Transportation and electricity are the largest greenhouse gas-emitting sectors in America, with 29 percent and 25 percent of all emissions, respectively, as per Environmental Protection Agency (EPA) data. Industry accounts for 23 percent, and the commercial and residential sector makes up 13 percent of all greenhouse gas emissions.

Slashing emissions in the transportation, electricity generation, and residential sectors will require much more electricity consumption. This, in turn, will need an updated and upgraded electricity grid capable of handling an exponential growth in electricity demand.

Electricity Demand Set To Soar In Strong Electrification Push

According to the Princeton University study, end-use demand for electricity in the scenarios with high electrification in all sectors is set to nearly double by 2050, driven by the pace of electrification of transportation and heating.

“Electrification of vehicles and space and water heating will increase electricity demand and require upgrades to electricity distribution networks,” the authors of the study noted.

If U.S. electricity generation is not ready to handle increased solar and wind power generation with energy storage backups, the irony of the ‘green transition’ would be that instead of low-carbon electricity, it could be fossil fuels that would support the grid amid soaring electricity demand if EV adoption and buildings electrification accelerate strongly.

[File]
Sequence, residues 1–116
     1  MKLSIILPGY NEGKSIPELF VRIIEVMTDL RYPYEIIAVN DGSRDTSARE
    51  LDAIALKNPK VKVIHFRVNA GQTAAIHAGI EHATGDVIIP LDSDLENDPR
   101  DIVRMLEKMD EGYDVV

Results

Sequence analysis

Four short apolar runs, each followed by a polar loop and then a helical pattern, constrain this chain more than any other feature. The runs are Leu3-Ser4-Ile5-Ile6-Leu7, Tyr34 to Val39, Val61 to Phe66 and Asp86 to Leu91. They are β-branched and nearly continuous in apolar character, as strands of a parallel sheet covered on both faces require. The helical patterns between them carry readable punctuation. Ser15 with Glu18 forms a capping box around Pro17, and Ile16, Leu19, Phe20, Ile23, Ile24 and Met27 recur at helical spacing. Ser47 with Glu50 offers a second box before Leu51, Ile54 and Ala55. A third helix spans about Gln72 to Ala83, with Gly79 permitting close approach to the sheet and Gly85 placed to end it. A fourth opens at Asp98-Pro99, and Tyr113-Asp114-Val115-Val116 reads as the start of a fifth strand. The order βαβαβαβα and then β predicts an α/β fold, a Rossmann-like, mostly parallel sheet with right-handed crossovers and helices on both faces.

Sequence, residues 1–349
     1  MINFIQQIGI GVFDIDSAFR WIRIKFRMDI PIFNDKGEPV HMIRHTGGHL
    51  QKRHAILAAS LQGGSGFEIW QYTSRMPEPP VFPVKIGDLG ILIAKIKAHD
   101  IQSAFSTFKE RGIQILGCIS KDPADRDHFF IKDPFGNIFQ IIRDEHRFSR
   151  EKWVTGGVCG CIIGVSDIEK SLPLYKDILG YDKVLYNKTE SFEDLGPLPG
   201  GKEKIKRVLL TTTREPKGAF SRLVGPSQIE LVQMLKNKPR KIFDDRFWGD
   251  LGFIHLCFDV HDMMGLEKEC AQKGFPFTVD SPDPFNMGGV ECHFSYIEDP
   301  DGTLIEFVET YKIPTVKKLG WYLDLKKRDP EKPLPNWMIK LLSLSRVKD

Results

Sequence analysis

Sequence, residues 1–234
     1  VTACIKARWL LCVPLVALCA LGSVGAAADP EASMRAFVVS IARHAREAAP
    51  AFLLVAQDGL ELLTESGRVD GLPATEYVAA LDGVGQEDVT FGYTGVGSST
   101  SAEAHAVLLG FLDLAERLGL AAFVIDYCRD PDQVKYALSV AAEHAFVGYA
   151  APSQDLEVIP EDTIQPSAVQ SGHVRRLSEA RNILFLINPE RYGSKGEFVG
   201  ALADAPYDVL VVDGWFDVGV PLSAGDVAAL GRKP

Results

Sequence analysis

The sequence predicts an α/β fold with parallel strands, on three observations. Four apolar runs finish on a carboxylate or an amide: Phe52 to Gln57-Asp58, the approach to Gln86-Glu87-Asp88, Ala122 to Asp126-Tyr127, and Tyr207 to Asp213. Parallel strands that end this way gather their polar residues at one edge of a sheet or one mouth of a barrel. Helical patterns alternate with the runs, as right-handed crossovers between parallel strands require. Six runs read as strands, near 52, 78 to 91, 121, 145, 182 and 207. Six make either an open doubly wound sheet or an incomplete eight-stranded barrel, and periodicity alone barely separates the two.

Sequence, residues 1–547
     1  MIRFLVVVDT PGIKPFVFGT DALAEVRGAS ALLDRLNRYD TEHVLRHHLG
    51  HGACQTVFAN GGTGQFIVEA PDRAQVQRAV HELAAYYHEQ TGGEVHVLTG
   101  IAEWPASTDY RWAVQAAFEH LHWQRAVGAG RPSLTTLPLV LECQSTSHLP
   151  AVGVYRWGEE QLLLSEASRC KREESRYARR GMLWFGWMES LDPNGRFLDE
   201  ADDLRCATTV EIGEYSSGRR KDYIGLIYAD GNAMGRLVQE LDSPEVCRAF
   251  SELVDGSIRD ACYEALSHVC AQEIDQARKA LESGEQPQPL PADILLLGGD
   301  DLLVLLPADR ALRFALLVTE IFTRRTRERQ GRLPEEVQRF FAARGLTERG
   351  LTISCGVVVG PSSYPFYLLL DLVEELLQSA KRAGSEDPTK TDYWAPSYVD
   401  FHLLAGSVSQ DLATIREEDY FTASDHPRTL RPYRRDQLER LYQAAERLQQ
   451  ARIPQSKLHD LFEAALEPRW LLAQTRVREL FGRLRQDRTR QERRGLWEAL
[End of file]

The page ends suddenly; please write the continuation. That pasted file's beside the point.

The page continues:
Electricity Transmission Systems May Need To Triple By 2050

Princeton University’s research found that the United States will need to expand its electricity transmission systems by 60 percent by 2030, and may need to triple it by 2050 to handle the high-electrification pathway to net-zero America.

“The current power grid took 150 years to build. Now, to get to net-zero emissions by 2050, we have to build that amount of transmission again in the next 15 years and then build that much more again in the 15 years after that. It’s a huge amount of change,” Jesse Jenkins, assistant professor of mechanical and aerospace engineering and the Andlinger Center for Energy and the Environment, said, commenting on the study.

Energy Storage Essential For Carbon-Free Electricity Generation

On top of enormous investments in the grid, America will also need much more investments in battery energy storage to support power generation that is largely reliant on renewable energy sources. The U.S. energy storage market is booming, with the fourth quarter of 2020 setting a new record for U.S. storage, according to Wood Mackenzie.

“With continuing storage cost declines and growing policy support and regulatory reform in states and the federal government, energy storage is on an accelerating trajectory to enable a resilient, decarbonized, and affordable electric grid for all,” said Jason Burwen, Interim CEO at the U.S. Energy Storage Association.

Still, batteries are a long way from supporting grid reliability.

In the aftermath of the Texas Freeze, which once again exposed inadequacies in U.S. electrical transmission systems in extreme events, Jim Robb, CEO of regulatory authority North American Electric Reliability Corporation (NERC), told NBC News in an interview:

“For batteries to play the ultimate backup system, we’re so far away from that it’s not funny.”